War-rag the Cornish film collective
Bringing together artists, photographers, animators, filmmakers and documentarians, the exhibition explores artistic responses to fear, with themes ranging from terrorism, psychiatric illness, homicide, our over-reliance on medical science, the loss of the natural environment, and the threat of female sexuality.
curated by Stomper
Curatorial project Stomper is proud to present Whistling in the Dark, a group exhibition in screening format that explores contemporary fears. Bringing together artists, photographers, animators, filmmakers, and documentarians, Whistling in the Dark, explores artistic responses to fear, with themes ranging from terrorism, psychiatric illness, homicide, our over-reliance on medical science, the loss of the natural environment, and the threat of female sexuality.
Featuring national and international artists: Bill Aitchison (UK), Phoebe Boswell (Kenya, lives and works in the UK), Catrin Davies (UK), Paul Farmer & War-rag the Cornish film collective (UK), Douglas Gast (USA), Max Hattler (Germany, lives and works UK), Aline Helmcke (Germany), Dominic Lippillo (USA), Jeannette Louie (USA), Catherine Maffioletti (Brazil, lives and works in the UK), Mayumi Nakazaki (Japan, lives and works in the Netherlands), Guli Silberstein (Israel, lives and works UK), Cat Tyc (USA), Daniel Warner (USA), Kristen Wilkins (USA), Worm Hotel (Chris Hayward and Nat Sunders) (UK).
In exploring fear the artists take varied approaches in both medium and emphasis. From Boswell’s The girl with stories in the her hair which juxtaposes a childlike hand-drawn animation with the world of prostitution; Aitchison’s faux news report style of presenting an esoteric conspiracy theory surrounding the 2012 Olympics; Worm Hotel’s Misery Bear: Dawn of the Ted in which teddy bear protagonists re-enact the famous horror film Dawn of the Dead; Maffioletti’s A Room of One’s Own explores women and art making through the voyeuristic gaze of surveillance; and Hattler’s Dante-esque vision 1925 aka Hell inspired by the work of French outsider artist Augustin Lesage.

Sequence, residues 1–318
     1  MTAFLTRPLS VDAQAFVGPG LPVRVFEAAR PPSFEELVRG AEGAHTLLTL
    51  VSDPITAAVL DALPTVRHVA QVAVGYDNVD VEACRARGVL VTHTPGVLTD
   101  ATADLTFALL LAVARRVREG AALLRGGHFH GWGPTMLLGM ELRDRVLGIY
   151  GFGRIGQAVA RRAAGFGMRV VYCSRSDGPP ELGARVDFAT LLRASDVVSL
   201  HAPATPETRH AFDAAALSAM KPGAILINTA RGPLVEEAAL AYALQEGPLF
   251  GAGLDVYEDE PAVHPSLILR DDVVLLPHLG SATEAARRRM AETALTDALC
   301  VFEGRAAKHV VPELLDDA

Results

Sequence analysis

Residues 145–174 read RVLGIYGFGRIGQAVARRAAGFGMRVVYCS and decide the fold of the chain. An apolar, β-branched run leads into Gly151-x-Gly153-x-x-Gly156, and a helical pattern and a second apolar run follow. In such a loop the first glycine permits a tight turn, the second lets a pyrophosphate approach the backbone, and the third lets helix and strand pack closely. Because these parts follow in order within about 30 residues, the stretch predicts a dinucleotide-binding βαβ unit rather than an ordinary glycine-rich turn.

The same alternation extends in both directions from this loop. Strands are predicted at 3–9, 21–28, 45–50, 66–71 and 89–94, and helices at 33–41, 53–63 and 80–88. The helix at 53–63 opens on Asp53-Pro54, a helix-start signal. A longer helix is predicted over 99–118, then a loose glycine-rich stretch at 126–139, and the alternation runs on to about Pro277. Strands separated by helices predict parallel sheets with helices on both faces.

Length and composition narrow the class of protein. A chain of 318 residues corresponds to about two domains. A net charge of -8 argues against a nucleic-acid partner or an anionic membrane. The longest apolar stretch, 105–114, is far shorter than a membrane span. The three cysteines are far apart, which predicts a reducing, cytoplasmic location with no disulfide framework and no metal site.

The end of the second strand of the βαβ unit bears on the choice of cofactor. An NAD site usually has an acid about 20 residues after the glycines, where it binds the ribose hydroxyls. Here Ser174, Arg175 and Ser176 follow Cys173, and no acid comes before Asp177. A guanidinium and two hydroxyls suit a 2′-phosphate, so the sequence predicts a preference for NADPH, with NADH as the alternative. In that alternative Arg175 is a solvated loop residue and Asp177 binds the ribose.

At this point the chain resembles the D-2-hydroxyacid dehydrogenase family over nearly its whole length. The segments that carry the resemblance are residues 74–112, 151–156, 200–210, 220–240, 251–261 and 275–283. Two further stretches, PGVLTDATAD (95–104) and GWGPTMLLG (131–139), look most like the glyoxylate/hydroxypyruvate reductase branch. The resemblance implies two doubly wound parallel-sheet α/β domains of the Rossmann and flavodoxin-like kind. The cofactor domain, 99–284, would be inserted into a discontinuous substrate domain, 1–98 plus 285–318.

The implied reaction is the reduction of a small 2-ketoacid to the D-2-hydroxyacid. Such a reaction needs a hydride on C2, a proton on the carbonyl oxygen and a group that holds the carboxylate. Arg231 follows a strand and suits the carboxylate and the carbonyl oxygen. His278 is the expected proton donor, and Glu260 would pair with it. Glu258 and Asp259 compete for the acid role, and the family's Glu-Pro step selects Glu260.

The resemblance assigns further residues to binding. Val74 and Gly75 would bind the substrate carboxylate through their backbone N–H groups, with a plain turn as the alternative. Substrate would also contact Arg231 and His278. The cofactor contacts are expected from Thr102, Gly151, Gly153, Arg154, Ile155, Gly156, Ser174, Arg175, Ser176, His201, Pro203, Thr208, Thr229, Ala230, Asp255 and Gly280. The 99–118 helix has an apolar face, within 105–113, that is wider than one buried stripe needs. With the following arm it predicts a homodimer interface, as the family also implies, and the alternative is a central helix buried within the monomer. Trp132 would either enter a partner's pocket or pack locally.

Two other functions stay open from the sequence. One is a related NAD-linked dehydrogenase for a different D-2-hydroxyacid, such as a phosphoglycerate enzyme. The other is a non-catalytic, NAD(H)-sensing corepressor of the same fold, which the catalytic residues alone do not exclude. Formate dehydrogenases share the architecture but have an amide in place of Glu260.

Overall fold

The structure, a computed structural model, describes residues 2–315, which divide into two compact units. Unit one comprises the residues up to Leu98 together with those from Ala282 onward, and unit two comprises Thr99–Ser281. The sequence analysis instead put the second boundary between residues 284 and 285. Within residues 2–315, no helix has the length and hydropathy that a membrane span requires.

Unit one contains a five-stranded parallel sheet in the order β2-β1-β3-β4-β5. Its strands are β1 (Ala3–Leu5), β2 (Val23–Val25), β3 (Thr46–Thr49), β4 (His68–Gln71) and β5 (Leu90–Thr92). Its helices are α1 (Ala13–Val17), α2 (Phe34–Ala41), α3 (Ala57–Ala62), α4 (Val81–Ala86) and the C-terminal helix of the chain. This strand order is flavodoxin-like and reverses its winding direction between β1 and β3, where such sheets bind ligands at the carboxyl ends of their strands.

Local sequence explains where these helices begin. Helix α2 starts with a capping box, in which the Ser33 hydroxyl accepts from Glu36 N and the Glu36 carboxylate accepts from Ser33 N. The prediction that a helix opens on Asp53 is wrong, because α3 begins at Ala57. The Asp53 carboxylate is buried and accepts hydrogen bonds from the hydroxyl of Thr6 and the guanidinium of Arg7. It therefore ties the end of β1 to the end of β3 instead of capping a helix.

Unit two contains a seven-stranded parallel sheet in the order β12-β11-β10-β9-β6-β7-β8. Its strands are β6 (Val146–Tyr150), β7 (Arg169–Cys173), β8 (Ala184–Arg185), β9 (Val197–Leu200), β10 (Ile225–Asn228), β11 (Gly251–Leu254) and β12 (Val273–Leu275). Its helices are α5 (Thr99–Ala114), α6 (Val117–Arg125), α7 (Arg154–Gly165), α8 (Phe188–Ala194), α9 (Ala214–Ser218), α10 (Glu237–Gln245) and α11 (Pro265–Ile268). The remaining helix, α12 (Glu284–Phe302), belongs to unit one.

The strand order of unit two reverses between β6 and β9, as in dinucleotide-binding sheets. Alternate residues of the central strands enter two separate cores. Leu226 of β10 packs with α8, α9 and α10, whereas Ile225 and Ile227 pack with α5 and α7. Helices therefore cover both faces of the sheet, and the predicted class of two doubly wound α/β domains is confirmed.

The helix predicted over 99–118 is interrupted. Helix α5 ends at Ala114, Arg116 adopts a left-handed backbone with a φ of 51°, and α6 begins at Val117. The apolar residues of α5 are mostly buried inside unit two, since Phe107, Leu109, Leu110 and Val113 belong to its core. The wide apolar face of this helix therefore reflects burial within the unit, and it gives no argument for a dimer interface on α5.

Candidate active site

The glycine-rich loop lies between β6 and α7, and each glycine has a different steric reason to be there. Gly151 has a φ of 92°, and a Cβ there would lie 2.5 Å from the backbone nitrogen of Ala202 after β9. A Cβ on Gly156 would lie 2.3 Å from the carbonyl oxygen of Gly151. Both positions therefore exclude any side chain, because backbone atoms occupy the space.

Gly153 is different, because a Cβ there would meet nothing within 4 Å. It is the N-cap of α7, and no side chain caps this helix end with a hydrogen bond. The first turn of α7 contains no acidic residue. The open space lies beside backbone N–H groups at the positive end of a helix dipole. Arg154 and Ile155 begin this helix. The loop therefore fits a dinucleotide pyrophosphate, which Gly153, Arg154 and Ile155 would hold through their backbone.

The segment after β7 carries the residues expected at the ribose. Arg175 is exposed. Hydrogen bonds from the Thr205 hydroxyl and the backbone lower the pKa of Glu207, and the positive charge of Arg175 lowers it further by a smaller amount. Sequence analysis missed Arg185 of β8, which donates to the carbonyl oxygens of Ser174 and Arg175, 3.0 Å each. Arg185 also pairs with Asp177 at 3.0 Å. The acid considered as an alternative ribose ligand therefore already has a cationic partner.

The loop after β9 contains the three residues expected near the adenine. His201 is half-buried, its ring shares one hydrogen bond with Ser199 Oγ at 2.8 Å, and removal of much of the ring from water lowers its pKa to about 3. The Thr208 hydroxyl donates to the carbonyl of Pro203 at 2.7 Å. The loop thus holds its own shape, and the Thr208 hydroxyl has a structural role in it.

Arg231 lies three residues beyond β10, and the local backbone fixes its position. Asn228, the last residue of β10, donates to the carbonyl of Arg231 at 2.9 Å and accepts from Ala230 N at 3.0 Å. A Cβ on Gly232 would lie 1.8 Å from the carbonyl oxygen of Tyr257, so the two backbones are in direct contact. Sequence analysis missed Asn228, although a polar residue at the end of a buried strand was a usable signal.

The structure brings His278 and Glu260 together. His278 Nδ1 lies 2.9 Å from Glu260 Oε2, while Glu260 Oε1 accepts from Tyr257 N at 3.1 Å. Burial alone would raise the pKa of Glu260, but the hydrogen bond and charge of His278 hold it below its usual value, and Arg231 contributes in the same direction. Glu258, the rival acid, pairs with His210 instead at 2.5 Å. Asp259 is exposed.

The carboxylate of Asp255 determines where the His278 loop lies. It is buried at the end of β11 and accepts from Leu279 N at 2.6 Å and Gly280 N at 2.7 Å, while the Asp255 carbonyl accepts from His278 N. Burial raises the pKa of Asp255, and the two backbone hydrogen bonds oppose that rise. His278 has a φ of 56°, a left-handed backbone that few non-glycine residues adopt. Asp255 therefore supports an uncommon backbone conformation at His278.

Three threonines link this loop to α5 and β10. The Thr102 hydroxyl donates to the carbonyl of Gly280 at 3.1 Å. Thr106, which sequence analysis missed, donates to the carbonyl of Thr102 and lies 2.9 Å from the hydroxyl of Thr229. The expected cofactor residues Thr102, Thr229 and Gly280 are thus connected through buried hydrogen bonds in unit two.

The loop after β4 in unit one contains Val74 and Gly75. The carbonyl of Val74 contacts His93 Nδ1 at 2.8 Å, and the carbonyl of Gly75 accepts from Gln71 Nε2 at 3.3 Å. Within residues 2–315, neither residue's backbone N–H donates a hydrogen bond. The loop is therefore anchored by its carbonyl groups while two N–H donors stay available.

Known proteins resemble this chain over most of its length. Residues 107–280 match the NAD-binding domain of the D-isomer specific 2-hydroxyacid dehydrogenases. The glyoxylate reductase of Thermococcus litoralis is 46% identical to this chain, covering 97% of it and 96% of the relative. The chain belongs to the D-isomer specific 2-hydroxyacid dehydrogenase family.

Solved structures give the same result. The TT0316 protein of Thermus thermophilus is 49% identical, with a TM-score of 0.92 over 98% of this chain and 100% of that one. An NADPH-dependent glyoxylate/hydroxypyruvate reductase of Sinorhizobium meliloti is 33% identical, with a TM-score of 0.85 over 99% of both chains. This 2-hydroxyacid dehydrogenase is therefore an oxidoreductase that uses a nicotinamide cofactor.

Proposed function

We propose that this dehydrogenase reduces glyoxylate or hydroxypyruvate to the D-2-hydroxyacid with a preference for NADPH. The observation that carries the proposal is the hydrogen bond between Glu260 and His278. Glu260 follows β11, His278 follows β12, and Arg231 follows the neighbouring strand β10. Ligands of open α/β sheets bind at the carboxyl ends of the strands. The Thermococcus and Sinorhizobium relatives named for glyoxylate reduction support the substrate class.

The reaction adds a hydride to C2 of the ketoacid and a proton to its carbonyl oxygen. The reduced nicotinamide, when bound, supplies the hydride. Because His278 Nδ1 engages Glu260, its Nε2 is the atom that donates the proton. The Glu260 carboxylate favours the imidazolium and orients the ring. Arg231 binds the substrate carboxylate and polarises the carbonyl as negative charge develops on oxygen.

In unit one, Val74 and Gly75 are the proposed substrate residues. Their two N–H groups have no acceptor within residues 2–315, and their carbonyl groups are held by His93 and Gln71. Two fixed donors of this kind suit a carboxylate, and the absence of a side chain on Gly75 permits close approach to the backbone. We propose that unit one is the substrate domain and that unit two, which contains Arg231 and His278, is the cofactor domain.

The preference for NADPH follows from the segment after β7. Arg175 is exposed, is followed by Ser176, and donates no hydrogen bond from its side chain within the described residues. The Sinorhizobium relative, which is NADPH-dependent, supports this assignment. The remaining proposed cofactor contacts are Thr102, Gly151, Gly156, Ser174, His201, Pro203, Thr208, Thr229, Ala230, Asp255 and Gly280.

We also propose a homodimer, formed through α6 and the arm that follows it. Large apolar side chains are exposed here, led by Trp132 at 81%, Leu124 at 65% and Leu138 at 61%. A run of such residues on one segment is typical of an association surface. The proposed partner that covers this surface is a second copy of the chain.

Whistling in the Dark aims to look at the way in which artists use the power of contrast and the appropriation of popular culture standards to explore the effect of fear.
This exhibition also explores the myths that lead to the creation of fears, most evident in Davies’ short documentary The Beast of Bont, which studies the affect of rural myths on the mentality of a village; and Gast’s ‘shopping list’ – Something to be scared of – of contemporary fears perpetuated by the media ranging from the absurd to the serious.
The vulnerability of the human body, and our growing reliance on medical science contrasted with a growing fear of the same sciences is tackled in Louis’ Prelude, which interprets the stream-of-consciousness of a bilateral amputee, and in Warner’s Aphasia Mechanica III a motion animation investigating corporeal based fears through ambiguous bionic creatures that inhabit the body.
The contrast of the home as somewhere safe or somewhere to be fear is explored in Lippillio’s atmospheric piece Flickering Lamp alluding to the home as a site of trauma, suggested violence, and invasion. Wilkins’ The Distinction Between Being Grounded and Airborne, a dark comedy animation about a homicidal house, contrasts Lippillio’s piece.
Three of the pieces in Whistling in the Dark explore elements of psychosis. Tyc’s Umbrella – a short film adaptation of the Fernando Sorrentino short story, "There is a Man in the Habit of Hitting Me Over the Head with an Umbrella" – takes a magical realist approach to articulating the universal aspects of trauma. Nakazaki’s Chapter 1 – the picture cards expresses fear as the main protagonist’s daily routine slips into a slothful existence brought on by his uncontrollable excesses. Paul Farmer & the War-rag Cornish film collective’s feature length The Lark is an exploration of the fractured mind of the main protagonist as fear forms the catalyst for her psychosis.
Warfare, terrorism, and the mediation of images of violence form the basis of the final two pieces in Whistling in the Dark. Helmcke’s animation, Destrukt is built up on single frame drawings taken from political report photographs, brings into question the escalating fears that surround terrorism, ensuing warfare, and the vicious cycle of scientific advancements aiding warfare. Drawing on mediated images of war is Silberstein’s Excerpt. The military forces wash through, over-turning the life of the civilians living there; exemplified by recent civil uprisings and militaristic quashes in North Africa and the Middle East.
Image: Jeannette Louie , Prelude, video still
Private View on Thursday October 6th, 6pm 'till 8pm.
Shoreditch Town Hall
380 Old Street, London, EC1V 9LT
Opening hors: Thursday and Friday 12:00 - 18:00
Saturday 11:00 - 15:00